Quick Answer: How To Build Small Retaining Wall?

What is the easiest retaining wall to build?

For the average do-it-yourselfer, building a retaining wall is easiest when using masonry blocks that will be stacked no taller than three feet, with no mortar binding the stones or concrete members. (For a curved wall, mark instead with a garden hose or spray paint.)

What is the cheapest type of retaining wall?

What is the cheapest retaining wall material?

  • Treated pine and is the least expensive material.
  • Hardwood is more expensive than treated pine.
  • Railway sleepers are another – slightly more expensive – option and are built to withstand ground and water contact.
  • Concrete sleepers are more expensive.

What can I use for a small retaining wall?

Retaining walls can be made from wood, bricks, natural stones or concrete blocks. For DIYers, it’s best to use concrete retaining wall blocks, which can be interlocking and are heavy enough to stay in place without cement or other adhesive.

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Can I build a retaining wall myself?

While retaining walls taller than four feet should be engineered by professionals, you may be able to DIY a solution for a tall slope by creating two or more shorter “tiered” retaining walls as opposed to a single tall wall.

What is the best retaining wall?

Concrete and Masonry Retaining Walls



Poured concrete is the strongest and most durable choice for retaining walls. It may also be carved and formed to look like mortared stone depending on your taste.

Does a 2 foot retaining wall need drainage?

Although there are exceptions, most retaining walls require gravel backfill, soil compaction, pipe or toe drains, and weep holes. Together, these four features will provide adequate drainage for most designs. Only a few types of walls will not require all of them.

Do I need a concrete footing for a retaining wall?

No, you do not need a concrete footing, it will actually adhere the wall from being able to naturally shift. It is best to use a coarse stone aggregate for the Retaining Wall footing.

How long do retaining walls last?

How long will my retaining wall last? For a permanent wall structure, the general lifespan is generally between 50 and 100 years. This does, however, depend on the conditions of the soil and groundwater at your site.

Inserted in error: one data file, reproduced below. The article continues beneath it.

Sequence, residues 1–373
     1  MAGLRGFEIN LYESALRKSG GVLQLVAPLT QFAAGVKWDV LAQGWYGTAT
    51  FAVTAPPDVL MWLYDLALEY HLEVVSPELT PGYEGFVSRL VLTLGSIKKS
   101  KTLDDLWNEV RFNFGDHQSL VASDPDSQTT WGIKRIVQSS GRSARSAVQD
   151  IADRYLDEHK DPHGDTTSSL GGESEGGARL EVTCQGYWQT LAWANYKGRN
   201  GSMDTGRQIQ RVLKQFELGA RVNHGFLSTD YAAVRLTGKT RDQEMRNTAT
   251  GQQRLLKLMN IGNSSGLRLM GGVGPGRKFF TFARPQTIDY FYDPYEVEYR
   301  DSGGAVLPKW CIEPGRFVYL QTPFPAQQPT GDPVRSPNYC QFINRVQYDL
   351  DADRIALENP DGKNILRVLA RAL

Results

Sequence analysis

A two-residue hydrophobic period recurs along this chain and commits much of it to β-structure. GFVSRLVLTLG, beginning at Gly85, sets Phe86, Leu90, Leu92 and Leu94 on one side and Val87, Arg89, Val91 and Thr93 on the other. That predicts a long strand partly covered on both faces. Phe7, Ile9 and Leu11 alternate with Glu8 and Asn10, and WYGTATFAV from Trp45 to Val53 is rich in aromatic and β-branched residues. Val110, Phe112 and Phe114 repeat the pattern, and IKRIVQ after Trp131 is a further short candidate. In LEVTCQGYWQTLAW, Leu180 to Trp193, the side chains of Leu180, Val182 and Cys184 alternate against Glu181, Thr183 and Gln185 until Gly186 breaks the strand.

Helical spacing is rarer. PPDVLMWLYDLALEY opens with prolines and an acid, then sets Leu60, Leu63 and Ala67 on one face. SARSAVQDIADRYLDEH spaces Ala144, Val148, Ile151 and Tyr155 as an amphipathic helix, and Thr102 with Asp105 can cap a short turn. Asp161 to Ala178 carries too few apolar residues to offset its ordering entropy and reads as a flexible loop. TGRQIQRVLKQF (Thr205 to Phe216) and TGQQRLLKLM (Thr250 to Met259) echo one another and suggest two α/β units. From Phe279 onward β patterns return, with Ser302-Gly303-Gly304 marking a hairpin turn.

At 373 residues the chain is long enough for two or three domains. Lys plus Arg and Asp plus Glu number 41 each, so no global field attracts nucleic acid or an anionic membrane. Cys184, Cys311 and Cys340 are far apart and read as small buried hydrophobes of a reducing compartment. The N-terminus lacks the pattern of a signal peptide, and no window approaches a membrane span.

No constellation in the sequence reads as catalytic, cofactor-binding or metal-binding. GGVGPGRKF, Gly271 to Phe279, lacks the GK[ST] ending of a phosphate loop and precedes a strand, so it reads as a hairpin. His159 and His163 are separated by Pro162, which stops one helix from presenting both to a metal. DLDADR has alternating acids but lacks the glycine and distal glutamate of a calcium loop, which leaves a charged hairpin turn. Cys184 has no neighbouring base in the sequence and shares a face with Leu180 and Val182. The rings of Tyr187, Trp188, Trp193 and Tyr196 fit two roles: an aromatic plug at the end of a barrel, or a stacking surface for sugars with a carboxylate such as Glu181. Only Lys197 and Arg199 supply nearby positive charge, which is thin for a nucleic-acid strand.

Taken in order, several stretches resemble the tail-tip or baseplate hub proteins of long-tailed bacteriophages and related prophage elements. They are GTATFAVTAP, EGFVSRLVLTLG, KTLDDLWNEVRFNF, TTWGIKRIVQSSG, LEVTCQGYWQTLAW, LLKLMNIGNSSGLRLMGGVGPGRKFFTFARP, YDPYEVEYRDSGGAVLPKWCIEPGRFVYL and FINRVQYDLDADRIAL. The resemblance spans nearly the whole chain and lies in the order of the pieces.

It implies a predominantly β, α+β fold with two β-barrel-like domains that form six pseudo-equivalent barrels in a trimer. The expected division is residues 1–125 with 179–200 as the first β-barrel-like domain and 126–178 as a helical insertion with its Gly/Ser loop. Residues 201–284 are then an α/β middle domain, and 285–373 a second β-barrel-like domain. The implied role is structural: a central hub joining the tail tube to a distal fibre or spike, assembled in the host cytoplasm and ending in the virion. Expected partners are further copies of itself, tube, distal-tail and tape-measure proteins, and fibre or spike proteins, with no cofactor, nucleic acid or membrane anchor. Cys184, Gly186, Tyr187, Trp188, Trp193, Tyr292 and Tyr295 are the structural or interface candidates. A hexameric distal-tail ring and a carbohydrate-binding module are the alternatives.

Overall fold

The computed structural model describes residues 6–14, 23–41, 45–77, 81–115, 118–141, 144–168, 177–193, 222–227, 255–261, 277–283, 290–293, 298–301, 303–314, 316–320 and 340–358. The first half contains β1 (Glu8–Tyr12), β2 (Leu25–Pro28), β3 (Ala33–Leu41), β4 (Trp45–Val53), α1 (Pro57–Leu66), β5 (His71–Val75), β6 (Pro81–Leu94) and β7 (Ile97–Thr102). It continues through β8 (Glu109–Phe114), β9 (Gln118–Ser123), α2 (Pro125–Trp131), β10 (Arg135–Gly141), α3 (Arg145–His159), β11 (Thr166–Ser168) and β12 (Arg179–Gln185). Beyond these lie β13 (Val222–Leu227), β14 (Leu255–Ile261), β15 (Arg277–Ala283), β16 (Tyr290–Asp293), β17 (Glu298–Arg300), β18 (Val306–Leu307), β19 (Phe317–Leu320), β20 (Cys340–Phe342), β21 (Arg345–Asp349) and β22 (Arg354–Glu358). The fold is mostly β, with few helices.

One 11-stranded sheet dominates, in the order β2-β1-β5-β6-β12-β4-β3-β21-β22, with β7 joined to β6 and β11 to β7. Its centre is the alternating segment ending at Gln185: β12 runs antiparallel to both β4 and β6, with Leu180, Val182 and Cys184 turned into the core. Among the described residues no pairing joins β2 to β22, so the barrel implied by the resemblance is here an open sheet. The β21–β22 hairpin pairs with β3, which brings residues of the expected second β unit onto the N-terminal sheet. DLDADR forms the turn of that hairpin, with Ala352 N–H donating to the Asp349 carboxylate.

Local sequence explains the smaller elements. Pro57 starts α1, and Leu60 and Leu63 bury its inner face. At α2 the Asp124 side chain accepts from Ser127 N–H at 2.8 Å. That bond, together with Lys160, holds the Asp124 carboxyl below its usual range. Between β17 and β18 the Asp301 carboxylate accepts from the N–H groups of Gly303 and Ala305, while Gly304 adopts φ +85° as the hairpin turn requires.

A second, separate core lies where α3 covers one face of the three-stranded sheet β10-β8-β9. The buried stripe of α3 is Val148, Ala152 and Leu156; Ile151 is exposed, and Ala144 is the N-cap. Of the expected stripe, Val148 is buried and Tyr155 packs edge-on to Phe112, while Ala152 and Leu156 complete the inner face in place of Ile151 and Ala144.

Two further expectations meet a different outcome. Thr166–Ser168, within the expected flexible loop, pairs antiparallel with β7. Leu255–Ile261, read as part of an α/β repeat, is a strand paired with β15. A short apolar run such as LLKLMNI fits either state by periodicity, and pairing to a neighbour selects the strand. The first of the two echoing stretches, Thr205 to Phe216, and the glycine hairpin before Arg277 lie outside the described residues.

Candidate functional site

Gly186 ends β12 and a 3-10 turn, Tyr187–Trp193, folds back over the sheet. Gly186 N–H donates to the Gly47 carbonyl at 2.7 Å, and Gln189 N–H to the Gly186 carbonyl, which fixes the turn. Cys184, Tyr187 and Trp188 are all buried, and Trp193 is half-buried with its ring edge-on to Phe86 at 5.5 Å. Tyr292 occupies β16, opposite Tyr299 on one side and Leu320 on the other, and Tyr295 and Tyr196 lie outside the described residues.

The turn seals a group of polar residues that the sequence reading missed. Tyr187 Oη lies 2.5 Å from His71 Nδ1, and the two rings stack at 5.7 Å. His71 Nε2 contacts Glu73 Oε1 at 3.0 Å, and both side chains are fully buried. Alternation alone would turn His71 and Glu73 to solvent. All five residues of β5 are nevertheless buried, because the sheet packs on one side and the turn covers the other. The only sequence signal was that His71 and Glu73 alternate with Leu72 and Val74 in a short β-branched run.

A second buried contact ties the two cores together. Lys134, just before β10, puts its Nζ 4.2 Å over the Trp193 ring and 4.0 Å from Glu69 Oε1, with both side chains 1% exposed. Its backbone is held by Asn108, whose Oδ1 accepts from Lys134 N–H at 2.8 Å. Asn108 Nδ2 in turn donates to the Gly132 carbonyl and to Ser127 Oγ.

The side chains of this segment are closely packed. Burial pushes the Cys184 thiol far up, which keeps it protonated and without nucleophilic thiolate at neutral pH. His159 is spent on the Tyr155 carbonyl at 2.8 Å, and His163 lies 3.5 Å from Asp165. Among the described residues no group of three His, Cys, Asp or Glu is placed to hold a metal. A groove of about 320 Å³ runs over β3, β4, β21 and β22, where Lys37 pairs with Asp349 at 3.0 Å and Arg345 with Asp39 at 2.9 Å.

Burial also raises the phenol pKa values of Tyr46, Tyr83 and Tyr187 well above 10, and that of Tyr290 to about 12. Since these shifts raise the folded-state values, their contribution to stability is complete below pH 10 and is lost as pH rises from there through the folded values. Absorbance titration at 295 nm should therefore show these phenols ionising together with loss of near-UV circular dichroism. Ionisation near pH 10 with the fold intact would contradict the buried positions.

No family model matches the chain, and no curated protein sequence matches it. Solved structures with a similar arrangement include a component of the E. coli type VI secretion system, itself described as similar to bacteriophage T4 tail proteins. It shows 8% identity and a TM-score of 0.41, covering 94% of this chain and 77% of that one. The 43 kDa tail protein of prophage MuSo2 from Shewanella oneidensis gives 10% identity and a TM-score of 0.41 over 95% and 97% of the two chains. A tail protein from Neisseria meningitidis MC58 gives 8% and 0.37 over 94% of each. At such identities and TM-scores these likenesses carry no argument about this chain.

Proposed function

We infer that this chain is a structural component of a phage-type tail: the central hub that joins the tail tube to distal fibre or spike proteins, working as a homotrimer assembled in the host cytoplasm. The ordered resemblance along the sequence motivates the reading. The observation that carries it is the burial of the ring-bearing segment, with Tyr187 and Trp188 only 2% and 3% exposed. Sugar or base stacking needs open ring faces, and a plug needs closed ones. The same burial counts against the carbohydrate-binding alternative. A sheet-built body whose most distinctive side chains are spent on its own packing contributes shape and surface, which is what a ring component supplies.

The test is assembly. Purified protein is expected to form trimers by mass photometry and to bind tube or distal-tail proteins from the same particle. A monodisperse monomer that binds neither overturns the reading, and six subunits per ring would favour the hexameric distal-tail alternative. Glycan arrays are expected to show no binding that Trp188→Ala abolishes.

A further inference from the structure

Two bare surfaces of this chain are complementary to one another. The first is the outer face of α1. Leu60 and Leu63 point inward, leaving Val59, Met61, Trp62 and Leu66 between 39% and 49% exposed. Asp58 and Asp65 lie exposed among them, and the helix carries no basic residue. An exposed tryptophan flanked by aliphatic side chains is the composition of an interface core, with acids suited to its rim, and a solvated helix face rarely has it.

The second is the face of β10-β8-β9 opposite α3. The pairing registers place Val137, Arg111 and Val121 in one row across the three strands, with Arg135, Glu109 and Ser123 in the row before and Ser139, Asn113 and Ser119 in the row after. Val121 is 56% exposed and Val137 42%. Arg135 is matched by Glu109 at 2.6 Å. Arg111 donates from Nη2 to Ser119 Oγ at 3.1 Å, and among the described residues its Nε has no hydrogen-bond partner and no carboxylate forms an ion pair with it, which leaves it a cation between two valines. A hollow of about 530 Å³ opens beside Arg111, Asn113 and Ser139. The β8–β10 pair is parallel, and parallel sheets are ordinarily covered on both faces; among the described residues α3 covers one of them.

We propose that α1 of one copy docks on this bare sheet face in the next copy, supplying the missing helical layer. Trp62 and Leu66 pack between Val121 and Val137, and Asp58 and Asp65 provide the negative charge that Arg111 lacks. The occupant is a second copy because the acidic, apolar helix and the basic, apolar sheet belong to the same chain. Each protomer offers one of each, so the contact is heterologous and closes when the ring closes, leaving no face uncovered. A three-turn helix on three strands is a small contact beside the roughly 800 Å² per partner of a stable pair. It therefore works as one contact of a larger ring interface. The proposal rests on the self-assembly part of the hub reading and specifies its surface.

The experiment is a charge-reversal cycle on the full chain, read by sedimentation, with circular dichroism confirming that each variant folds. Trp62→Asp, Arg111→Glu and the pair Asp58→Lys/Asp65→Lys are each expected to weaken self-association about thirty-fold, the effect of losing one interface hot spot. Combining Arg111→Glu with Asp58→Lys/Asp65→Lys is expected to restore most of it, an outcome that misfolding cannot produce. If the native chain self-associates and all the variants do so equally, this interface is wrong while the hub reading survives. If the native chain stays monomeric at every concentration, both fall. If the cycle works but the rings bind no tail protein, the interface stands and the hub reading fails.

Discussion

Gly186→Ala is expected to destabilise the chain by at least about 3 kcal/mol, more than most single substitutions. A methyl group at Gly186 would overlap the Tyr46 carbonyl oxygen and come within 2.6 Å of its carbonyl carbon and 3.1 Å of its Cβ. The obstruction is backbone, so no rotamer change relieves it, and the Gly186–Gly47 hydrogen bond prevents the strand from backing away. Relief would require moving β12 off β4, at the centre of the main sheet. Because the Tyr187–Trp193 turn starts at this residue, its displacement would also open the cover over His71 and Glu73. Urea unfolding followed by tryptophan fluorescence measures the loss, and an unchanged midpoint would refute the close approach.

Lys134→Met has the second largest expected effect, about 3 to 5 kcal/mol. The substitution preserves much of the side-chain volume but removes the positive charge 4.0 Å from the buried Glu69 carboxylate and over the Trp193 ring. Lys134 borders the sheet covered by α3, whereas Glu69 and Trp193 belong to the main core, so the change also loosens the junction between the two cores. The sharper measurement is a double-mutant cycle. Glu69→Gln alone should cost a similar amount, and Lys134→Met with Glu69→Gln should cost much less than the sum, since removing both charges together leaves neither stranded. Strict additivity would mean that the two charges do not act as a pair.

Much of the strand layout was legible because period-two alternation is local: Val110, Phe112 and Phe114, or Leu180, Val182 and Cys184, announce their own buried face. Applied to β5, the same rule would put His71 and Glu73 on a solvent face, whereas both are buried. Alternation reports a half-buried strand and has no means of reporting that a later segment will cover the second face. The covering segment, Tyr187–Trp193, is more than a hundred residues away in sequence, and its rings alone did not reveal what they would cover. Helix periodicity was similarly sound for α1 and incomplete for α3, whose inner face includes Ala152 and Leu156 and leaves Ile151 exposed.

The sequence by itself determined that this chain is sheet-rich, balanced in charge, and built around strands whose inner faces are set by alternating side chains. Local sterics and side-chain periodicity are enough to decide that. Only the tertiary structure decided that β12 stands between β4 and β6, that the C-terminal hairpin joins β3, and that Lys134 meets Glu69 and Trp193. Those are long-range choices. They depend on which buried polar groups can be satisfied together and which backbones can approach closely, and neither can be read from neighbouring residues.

Are retaining walls expensive?

The average cost of building a retaining wall is $5,636. Most homeowners find themselves spending between $3,229 and $8,670. The cost of retaining wall materials ranges from $3 to $40 per square foot. Wall block prices fall between $10 and $15 per square foot, while precase, poured concrete runs $20 to $25.

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How high can you build a retaining wall without a permit?

Most municipalities require a building permit and a design from a Licensed Engineer if your wall is taller than 4 feet high (measured from the bottom of the first block to the top of the last block).

How do you build a retaining wall step by step?

Step by Step: How to build a retaining wall

  1. Dig a level-bottomed trench wide enough for the base stones to fit into. Compact the bottom of the trench with a hand tamper.
  2. Lay landscape fabric in the trench.
  3. Start the wall’s second layer using a staggered pattern.
  4. Make sure the wall is level.

How deep should the footing be for a retaining wall?

Concrete retaining wall footing size



The depth to the bottom of the base slab should be kept at a minimum of two feet. However, it should always be below the seasonal frost line, and that often is much deeper in northern climates.

Should you use fabric behind retaining wall?

A barrier behind the wall, lined in fabric and filled with gravel, creates an area for water collection and movement. The fabric helps keep the voids in the gravel from packing with silt.

When should you build a retaining wall?

You Might Need a Retaining Wall If…

  1. You need a way to control downhill erosion. If mountains of erosion materials are clogging important areas on your property, adding a retaining wall is a wonderful idea.
  2. Your home is downhill from soil fault lines.
  3. Your foundation is threatened by a sliding hill.

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